Ron Dermer bringing to envoy’s post loyalty to Netanyahu, history of abrasiveness
“I was with him when,” Ron Dermer laced his address to the 2009 American Israel Public Affairs Committee conference.
Dermer used the phrase five times in the first five minutes of the speech — the “him” being Benjamin Netanyahu.
Two elements of the address, made just weeks after Netanyahu assumed office, explain Dermer’s ascension this week to the country’s most important diplomatic post, the ambassadorship to Washington.
Dermer has a closeness to Netanyahu so steadfast that it does not inhibit his brashness in boasting about it. And Dermer utterly buys into Netanyahu’s most cherished notion about himself — that he has been right when others have been wrong.
“He’s a man of basic core convictions who has time after time been willing to stand against the current when it was not popular,” Dermer told AIPAC.
Born to a family of conservative Democrats in Miami — his father and brother are both former Miami Beach mayors — Dermer, 41, served as Netanyahu’s top adviser from his assumption of office in March 2009 until his new term began in March of this year.
But Dermer is known for more than just loyalty to his boss. His reputation is as a brash political player dismissive of those with whom he disagrees.
He is rumored to be the source for news stories about President Barack Obama’s supposed snub of Netanyahu during his 2010 White House visit. And Obama administration officials believe he was behind Netanyahu’s perceived tilt toward Mitt Romney in last year’s presidential election.
Dermer’s reputation raised eyebrows when his name first surfaced earlier this year as a possible replacement for Michael Oren, the historian turned diplomat who will wind down his tenure in Washington this fall. But leaders of mainstream Jewish groups, which lavishly praised the pick on July 9, said those muddied waters were under the bridge.
“He’s coming here as ambassador to the United States, not to get involved in partisan politics,” said David Harris, the American Jewish Committee director. “The prime minister knows it. He knows it.”
Abraham Foxman, the Anti-Defamation League’s national director, noted that Dan Shapiro, Obama’s envoy to Israel, once was closely identified with positions that upset the Netanyahu government. In his previous position, as the top Middle East official on the National Security Council, Shapiro took the lead in pressing Israel to freeze settlement expansion.
“The relationship is bigger than political nuance,” said Foxman, who added that since Obama’s successful March visit to Israel, the tensions that once divided the governments have passed.
But unlike Shapiro and other functionaries turned ambassadors, Dermer made the case for his boss in an abrasive tone. In 2011, he declined a New York Times request for an op-ed in a letter that was later leaked to The Jerusalem Post.
“It would seem as if the surest way to get an op-ed published in The New York Times these days, no matter how obscure the writer or the viewpoint, is to attack Israel,” Dermer wrote.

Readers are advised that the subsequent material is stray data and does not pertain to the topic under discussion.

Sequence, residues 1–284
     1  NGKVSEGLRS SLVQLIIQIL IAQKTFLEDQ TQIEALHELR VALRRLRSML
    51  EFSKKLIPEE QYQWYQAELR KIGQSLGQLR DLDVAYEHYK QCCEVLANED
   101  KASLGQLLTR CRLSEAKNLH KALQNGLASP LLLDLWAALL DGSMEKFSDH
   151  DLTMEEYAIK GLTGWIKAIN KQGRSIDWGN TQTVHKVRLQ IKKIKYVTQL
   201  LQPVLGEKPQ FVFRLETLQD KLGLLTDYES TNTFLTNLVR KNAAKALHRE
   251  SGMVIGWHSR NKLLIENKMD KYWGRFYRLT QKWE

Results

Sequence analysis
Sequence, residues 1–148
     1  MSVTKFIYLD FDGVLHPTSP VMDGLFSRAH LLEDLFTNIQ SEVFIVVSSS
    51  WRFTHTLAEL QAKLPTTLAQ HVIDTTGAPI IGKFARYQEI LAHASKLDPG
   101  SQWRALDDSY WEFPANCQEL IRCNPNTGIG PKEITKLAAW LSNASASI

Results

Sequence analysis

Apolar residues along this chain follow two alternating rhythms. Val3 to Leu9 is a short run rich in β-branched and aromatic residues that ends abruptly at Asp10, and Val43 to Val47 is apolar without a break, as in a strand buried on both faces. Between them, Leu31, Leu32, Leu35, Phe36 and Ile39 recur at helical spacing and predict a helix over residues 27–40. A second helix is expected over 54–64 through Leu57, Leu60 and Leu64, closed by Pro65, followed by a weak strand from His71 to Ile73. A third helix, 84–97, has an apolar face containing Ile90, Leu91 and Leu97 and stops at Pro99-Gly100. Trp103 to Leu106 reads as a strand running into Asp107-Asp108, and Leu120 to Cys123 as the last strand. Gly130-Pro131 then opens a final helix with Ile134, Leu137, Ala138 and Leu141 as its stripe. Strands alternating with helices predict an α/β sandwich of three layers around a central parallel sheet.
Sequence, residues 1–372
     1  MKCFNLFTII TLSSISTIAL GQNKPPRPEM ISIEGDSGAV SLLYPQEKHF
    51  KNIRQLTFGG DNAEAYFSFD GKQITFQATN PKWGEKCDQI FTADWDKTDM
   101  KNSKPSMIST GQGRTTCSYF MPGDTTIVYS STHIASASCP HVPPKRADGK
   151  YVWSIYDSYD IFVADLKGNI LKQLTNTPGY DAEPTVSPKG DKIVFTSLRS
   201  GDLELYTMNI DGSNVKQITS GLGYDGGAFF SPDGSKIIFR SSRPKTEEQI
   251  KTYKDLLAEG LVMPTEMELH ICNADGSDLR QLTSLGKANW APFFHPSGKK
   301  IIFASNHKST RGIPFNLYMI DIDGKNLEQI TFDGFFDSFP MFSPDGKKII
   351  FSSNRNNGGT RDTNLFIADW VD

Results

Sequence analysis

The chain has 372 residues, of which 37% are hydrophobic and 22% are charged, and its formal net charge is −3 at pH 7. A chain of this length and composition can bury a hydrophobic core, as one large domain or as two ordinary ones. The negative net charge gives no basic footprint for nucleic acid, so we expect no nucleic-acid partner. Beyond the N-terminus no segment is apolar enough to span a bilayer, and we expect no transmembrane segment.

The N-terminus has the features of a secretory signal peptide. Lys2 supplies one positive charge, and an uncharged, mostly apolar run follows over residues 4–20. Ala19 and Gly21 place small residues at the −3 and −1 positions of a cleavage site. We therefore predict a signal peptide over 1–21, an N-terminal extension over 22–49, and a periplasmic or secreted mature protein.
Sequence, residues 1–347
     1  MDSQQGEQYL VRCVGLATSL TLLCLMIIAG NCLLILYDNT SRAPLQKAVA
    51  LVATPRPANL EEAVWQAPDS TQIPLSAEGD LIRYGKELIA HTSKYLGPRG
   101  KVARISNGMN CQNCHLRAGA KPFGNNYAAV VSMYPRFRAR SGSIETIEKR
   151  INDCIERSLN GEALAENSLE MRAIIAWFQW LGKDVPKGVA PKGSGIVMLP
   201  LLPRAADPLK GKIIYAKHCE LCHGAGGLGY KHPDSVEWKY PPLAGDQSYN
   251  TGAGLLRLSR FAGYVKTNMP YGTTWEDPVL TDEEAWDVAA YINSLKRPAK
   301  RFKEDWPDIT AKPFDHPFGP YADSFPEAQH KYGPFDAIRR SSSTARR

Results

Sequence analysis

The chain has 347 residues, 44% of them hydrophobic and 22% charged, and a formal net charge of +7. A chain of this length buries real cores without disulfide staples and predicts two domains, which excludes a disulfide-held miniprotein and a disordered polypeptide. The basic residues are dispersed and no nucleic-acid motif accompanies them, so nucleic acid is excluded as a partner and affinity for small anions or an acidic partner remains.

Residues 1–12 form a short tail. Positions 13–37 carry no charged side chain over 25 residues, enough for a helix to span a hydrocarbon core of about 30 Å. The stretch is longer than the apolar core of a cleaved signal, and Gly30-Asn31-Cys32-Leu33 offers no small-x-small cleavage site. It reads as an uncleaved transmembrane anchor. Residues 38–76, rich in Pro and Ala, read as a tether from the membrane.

Dermer immigrated to Israel in 1997 after several years of involvement in Republican congressional politics. He drew close at first to former Soviet political prisoner Natan Sharansky, co-writing with him “The Case for Democracy,” a book that President George W. Bush later cited as a major influence. In the book, Sharansky treats Dermer as a full partner in shaping its ideas.
Through Sharansky, Dermer met Netanyahu, and they also forged an immediate closeness. Netanyahu, the finance minister in the mid-2000s, sent Dermer to Washington as economic consul.
Dermer lets little stand in his way. Oren — also U.S. born and beloved by the U.S. Jewish community — wanted to keep his job, insiders say, and the only reason he was removed is that Dermer wanted the envoy post.
Oren and his two predecessors, Sallai Meridor and Daniel Ayalon, made outreach to the U.S. Jewish community a hallmark of their tenure. Oren in particular was sensitive to anger in the Jewish community over Israel’s perceived discrimination against women and helped broker a tentative compromise that would allow for egalitarian prayer at the Western Wall.
In 2009, Dermer said he considered cultivating ties with the American Jewish community’s liberal wing a waste of time. Dermer is believed to be behind the liberal lobby J Street’s inability to secure meetings with high-level officials during its Israel trips. Oren, by contrast, has forged low-level ties with the group.
Like other Jewish groups, J Street welcomed Dermer’s appointment.
Dermer also led efforts in the Prime Minister’s Office to limit the activities of human rights groups in Israel, casting them as agents of foreign powers. Some of the groups have the support of leading Jewish liberal benefactors from the United States.
Dermer’s defenders in Washington say those issues are dwarfed by the immediate challenges facing Israeli-U.S. interests in the Middle East.
“He will be an effective representative of the State of Israel generally, and Prime Minister Netanyahu specifically, as we are in a crucial period of U.S.-Israel relations with the need to stop Iran from developing a nuclear weapon,” said William Daroff, who directs The Jewish Federations of North America’s Washington office.
Unprompted, Foxman, Harris and Daroff all made the same point: Dermer’s closeness to Netanyahu is what will make his time in Washington a success.
“The most important thing for any ambassador in Washington, especially any Israeli ambassador, is that he brings the full trust of the prime minister,” Harris said. “That’s an asset you cannot put a price on.”